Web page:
Real Time Detection of Gaseous Metal Contaminants in Coal Flue and Fuel Gas
- Type: Conference Presentation
- Skill Level:
You will be able to download and print a certificate for these PDH credits once the content has been viewed. If you have already viewed this content, please click here to login.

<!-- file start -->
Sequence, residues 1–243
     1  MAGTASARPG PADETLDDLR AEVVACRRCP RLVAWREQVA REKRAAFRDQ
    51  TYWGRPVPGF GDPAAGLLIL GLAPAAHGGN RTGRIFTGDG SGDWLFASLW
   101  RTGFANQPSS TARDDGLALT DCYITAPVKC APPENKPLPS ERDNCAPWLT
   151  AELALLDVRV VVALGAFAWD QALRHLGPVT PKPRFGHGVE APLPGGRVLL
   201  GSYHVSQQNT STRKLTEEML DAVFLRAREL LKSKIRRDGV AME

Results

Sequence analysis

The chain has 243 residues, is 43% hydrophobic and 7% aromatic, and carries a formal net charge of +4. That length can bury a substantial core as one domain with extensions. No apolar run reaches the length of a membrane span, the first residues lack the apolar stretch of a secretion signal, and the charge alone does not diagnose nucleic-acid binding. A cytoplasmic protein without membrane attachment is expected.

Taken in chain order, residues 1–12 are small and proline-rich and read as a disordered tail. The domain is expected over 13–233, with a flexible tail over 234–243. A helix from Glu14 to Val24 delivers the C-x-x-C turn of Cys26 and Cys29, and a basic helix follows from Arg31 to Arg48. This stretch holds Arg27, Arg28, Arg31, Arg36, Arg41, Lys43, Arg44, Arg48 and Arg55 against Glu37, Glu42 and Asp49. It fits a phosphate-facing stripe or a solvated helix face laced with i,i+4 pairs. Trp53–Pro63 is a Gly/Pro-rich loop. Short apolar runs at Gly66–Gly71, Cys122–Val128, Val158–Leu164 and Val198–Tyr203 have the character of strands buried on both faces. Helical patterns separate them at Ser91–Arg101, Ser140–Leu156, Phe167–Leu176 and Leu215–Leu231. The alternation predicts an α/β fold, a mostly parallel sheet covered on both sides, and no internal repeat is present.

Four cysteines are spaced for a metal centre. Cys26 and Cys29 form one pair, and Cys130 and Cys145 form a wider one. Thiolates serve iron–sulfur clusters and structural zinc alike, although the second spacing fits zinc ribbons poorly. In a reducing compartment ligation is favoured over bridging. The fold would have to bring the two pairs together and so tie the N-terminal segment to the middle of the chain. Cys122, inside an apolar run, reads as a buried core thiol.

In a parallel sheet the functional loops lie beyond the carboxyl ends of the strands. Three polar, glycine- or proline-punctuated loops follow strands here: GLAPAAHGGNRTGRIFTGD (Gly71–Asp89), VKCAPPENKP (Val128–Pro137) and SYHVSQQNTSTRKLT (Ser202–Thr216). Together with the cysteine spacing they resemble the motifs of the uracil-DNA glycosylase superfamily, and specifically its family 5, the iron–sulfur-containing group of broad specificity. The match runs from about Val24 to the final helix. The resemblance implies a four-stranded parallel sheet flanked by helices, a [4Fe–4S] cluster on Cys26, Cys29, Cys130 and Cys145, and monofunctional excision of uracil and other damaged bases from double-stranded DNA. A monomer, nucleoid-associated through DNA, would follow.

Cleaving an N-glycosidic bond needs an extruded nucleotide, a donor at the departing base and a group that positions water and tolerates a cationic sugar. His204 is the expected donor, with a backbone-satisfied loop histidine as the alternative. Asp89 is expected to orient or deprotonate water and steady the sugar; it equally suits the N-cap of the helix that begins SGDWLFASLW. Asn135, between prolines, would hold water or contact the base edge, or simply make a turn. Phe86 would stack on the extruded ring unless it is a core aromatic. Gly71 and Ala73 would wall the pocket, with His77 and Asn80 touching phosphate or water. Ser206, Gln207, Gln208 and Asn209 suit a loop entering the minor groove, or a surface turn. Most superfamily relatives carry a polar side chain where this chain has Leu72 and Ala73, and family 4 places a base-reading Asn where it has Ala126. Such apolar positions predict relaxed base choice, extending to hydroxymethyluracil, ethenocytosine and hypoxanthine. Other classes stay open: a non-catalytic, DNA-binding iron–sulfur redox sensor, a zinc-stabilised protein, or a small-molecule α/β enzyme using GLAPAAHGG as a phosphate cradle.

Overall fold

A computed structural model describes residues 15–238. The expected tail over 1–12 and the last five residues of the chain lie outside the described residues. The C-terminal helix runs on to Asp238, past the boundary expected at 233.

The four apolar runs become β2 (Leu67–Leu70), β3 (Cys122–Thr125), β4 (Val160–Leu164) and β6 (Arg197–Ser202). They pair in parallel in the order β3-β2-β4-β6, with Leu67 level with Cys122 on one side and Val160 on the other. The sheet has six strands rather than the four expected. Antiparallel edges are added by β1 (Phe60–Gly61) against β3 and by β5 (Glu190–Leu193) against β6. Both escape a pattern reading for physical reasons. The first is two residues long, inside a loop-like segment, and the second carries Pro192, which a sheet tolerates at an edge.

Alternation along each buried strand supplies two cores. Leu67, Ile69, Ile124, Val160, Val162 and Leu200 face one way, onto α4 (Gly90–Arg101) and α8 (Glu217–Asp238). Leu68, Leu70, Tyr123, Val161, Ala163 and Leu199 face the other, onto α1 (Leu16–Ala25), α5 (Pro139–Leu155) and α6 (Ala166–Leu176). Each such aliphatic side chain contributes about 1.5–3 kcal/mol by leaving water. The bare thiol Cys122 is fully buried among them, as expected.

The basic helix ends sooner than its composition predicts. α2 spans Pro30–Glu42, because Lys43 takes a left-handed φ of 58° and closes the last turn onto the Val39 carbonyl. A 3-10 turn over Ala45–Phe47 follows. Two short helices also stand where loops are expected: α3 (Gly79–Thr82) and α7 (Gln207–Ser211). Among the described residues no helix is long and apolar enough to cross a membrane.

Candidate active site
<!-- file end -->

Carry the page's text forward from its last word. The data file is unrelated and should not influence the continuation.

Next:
The Integrated Gasification Combined Cycle (IGCC) is a promising technology for the future use of coal to provide energy. During this process, many of the trace elements present in coal are volatilized, and remain in the gas phase through the gas turbine, only to be released in the flue gas. Trace metals are of particular environmental concern, and thermodynamic studies have indicated that Hg (as elemental Hg), Se (as hydrogen selenide, H2Se) and As (as arsine, AsH3), as well as P (as phosphine, PH3) will be present as gaseous metal species. While mercury has long been of environmental concern, there is increasing evidence that the other trace metals will have a significant environmental impact if coal continues to be a primary source of energy as expected. It will become valuable to develop a method for real-time detection of the gaseous trace metals to determine the actual concentration in the flue gas, and the effectiveness of sorbents for the removal of the trace metals. A commercial gas chromatography/ion trap mass spectrometry system has been used to detect AsH3, H2Se, PH3 and elemental Hg. Detection limits in He carrier gas range from 0.1 ppmv for PH3 and AsH3 and 0.5 ppmv for H2Se were observed. Elemental Hg was observable, down to a 0.5 ppmv level, although repeatability was decreased due to the need for manual injections using a gas tight syringe. AsH3, PH3 and H2Se were simultaneously detectable in the same He carrier gas stream at similar detection limits. The trace elements were detectable in a simulated fuel gas containing CO, CO2, H2 and N2. In all situations, a linear response to concentration was demonstrated, with no decrease in signal over time.